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Conversion under the Companies Act 2014 – deadline approaching


Wednesday, June 1, 2016

The Companies Act 2014 (the “Act”) came into effect one year ago today on 1 June 2015. One major change under the Act is the requirement for all private limited companies to convert to a new company type. The deadline for this is fast approaching.

The two new company types are:

  1. a company limited by shares (an “LTD”), the standard model company – or
  2. a Designated Activity Company (a “DAC”), best suited for joint venture companies or companies established for specific purposes.

 

There are strict deadlines on converting:

  • To convert to an LTD you have until 30 November 2016.
  • To convert to a DAC you have until 31 August 2016.

To convert, companies will need shareholder and director sign-off. Given the holiday period over the summer, and the time it can take to collate signatures, we are advising our clients to take action now to make sure the deadlines are not missed to avoid a breach of company law.

Failure to convert before the above deadlines will lead to your company automatically converting to an LTD. This is not recommended as:

  1. it means that a company’s existing memorandum and articles will contain references to the old companies acts;
  2. it will lead to inconsistencies with many mandatory provisions of the new Act; and
  3. it can lead to interpretation issues or disputes. Companies may also miss the opportunity to convert to a DAC.

The decision to register as LTD or DAC will depend on the circumstances for each company and the purpose for which it is incorporated. It is anticipated that most companies will become LTDs.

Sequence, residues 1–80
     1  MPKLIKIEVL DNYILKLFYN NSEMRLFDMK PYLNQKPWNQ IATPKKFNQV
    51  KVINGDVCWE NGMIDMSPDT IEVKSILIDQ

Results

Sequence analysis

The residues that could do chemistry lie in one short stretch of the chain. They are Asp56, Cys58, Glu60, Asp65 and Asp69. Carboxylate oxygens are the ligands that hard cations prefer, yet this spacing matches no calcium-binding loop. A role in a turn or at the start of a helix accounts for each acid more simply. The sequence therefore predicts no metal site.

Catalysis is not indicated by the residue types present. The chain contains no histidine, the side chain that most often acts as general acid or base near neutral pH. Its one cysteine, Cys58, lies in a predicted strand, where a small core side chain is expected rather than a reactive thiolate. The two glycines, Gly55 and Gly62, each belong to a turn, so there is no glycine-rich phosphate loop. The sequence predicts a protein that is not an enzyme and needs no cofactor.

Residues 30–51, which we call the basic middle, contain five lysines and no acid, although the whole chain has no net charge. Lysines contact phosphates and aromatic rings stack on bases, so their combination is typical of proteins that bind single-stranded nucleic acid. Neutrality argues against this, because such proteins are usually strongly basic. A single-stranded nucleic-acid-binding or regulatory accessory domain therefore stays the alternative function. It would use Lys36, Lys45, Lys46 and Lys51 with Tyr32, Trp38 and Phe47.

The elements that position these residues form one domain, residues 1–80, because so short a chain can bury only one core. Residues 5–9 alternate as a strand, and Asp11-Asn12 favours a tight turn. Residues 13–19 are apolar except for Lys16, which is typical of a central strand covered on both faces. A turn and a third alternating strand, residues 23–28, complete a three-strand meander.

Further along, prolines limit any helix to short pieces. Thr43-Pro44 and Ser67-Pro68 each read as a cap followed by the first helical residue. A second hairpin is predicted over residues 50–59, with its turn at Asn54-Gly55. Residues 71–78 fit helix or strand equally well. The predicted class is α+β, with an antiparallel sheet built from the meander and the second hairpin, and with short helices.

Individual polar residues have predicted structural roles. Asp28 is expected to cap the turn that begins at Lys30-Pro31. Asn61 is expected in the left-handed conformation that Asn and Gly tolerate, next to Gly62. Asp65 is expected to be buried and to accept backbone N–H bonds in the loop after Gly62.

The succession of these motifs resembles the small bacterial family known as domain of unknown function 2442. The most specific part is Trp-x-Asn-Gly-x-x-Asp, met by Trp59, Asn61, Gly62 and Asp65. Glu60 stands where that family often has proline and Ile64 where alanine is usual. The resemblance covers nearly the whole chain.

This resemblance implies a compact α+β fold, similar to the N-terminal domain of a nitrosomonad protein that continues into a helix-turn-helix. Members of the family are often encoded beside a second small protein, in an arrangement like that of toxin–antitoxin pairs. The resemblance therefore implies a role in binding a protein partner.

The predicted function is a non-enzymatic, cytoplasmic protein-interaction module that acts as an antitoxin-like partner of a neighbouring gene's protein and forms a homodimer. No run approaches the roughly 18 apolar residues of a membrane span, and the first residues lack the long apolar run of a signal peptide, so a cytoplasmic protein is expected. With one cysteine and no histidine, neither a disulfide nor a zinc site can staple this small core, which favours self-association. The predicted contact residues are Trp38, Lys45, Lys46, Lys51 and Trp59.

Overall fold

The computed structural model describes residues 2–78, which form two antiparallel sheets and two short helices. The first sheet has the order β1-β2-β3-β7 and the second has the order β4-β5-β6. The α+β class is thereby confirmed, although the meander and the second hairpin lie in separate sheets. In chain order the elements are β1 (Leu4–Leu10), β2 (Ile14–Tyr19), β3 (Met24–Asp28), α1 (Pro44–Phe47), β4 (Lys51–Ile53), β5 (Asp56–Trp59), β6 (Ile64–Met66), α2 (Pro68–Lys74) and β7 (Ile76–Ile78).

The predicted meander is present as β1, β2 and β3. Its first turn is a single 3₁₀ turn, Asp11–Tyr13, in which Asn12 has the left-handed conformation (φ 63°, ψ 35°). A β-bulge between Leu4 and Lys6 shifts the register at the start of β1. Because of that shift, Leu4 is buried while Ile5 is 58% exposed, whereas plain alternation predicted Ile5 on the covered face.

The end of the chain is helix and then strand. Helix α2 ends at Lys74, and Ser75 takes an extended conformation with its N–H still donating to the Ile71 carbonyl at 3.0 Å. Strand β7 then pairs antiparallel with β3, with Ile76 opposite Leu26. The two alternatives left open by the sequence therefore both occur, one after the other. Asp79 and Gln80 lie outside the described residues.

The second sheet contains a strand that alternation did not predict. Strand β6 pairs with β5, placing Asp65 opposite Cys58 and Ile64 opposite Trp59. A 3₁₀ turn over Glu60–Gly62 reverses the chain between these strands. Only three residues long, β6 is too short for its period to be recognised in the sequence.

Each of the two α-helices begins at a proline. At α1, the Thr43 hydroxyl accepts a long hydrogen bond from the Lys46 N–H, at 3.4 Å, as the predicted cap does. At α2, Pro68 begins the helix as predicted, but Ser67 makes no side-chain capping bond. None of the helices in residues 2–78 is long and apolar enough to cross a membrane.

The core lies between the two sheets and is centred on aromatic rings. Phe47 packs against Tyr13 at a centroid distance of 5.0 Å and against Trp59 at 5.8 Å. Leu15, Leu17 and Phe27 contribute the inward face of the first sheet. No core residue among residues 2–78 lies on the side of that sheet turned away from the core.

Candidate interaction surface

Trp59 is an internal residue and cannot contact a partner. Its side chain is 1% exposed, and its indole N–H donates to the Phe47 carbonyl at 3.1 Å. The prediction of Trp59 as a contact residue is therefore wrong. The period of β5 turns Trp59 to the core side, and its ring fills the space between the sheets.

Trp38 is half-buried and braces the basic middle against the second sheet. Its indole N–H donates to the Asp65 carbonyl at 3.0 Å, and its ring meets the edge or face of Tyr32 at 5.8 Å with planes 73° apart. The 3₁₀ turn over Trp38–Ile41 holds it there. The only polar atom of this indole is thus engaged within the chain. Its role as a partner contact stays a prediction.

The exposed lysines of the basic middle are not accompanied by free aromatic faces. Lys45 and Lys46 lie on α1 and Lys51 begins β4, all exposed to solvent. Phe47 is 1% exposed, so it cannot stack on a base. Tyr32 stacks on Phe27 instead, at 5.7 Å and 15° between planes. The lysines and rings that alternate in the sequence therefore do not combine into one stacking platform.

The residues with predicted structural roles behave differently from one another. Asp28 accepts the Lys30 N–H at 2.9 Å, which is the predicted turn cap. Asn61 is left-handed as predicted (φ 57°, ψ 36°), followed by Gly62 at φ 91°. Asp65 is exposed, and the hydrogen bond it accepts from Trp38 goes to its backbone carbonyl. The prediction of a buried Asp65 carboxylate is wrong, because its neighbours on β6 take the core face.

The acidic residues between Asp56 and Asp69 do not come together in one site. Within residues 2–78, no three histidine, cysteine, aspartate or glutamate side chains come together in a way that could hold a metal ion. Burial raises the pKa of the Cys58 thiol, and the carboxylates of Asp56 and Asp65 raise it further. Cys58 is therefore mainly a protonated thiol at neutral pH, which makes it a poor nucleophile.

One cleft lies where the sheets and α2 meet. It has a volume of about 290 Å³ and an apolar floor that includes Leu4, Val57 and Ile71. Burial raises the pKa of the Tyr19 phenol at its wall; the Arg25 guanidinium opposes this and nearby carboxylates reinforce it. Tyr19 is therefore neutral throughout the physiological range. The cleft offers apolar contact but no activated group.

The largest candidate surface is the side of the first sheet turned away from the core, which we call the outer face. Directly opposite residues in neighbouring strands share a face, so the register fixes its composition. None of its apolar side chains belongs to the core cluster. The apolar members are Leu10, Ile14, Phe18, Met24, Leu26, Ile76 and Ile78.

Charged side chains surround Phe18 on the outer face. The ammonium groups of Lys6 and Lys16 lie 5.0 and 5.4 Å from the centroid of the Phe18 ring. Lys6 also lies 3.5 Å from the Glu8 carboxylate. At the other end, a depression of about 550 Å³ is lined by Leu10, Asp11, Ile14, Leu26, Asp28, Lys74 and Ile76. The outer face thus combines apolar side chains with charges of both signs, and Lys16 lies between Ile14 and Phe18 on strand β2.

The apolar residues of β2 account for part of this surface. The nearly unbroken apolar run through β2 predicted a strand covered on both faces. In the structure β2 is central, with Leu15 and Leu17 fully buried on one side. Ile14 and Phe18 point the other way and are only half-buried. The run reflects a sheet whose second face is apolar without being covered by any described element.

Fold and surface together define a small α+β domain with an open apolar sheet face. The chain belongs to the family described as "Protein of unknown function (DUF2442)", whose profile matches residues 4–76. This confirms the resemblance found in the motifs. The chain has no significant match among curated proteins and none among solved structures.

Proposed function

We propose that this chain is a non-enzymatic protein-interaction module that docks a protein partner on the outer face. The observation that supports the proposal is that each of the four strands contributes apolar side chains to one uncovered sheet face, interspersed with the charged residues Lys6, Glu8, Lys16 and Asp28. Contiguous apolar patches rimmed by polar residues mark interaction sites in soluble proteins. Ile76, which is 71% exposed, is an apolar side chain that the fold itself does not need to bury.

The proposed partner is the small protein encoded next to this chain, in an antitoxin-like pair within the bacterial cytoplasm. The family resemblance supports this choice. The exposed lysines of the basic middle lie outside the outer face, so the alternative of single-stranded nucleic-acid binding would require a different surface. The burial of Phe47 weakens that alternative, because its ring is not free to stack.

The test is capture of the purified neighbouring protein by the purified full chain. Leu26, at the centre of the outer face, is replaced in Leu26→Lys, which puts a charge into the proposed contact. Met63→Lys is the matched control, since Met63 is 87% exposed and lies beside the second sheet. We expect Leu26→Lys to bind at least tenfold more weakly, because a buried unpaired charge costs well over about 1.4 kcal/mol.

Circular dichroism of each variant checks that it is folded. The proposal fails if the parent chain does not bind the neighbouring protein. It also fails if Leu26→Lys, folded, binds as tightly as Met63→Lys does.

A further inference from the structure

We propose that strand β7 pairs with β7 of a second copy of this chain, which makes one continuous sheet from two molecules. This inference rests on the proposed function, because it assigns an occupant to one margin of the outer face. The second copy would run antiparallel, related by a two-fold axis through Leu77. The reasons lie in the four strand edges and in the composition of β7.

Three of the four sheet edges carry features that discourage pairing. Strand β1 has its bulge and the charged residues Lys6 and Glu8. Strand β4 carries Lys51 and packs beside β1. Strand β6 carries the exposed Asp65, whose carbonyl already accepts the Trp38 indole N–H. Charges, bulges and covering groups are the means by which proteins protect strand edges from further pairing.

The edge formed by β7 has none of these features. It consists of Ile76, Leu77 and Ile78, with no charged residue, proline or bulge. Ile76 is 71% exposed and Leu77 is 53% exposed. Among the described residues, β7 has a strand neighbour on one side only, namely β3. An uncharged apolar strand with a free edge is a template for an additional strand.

As the LTD will not have an objects clause in its constitution, it is likely that the DAC model will be preferred by joint venture companies or specific structures that seek to place restrictions on the permitted activities of a DAC via its objects clause. Aside from the issue of an objects clause, there are a variety of issues to consider. These are set out in the table below.

LTDDAC
Company NameIt must end with Limited/LTD or the Irish equivalent.It must end with Designated Activity Company/DAC or Irish equivalent.
Company TypePrivate company limited by shares.Private company either (a) limited by shares or (b) limited by guarantee, having a share capital.
Memorandum and Articles of AssociationOne single document called a “constitution” will replace the current memorandum & articles of association.The memorandum and articles of association to remain. Will be known as a  “constitution”.
Objects ClauseNo objects clause. Concept of “ultra vires” will no longer apply and the LTD will have unlimited corporate capacity and the same capacity as a natural person.The objects to remain. Therefore “ultra vires” concept will continue to apply. Note:  third parties dealing with a DAC in good faith will not be prejudiced if the company exceeds its capacity as stated in its objects clause.
Share CapitalWill have an issued share capital but does not have to have an authorised share capital.Must have both an authorised and issued share capital.
DirectorsCan avail of the opportunity to have one single director. Note: the secretary cannot be the same person as the single director.2 director minimum required.
Annual General Meeting (“AGM”)Can dispense with holding an AGM entirely irrespective of the number of shareholders.Can only dispense with holding an AGM if it is a single member company.
Listing of SecuritiesCannot list, or have admitted to trading, any securities (debt or equity).Possible to list debt securities.
Written ResolutionsMay pass majority written resolutions.May pass majority written resolutions unless the constitution provides otherwise.
Audit ExemptionPossible to claim audit exemption.Possible to claim audit exemption.
Name change and practical knock-on effectsNo name change required.As the DAC will require a name change, companies should consider practical knock-on effects such as the requirement to change stationery and signage, website, company seal etc.

Philip Lee is advising clients to consider this matter now and to convert their companies in good time.

Our corporate team are available to assist you with conversion.

Listen to Eoghan Doyle summarise the complexities of the Act by answering the 10 key questions asked by businesses:

 

The content of this article is provided for information purposes and does not constitute legal or other advice


Author

Eoghan Doyle

PARTNER


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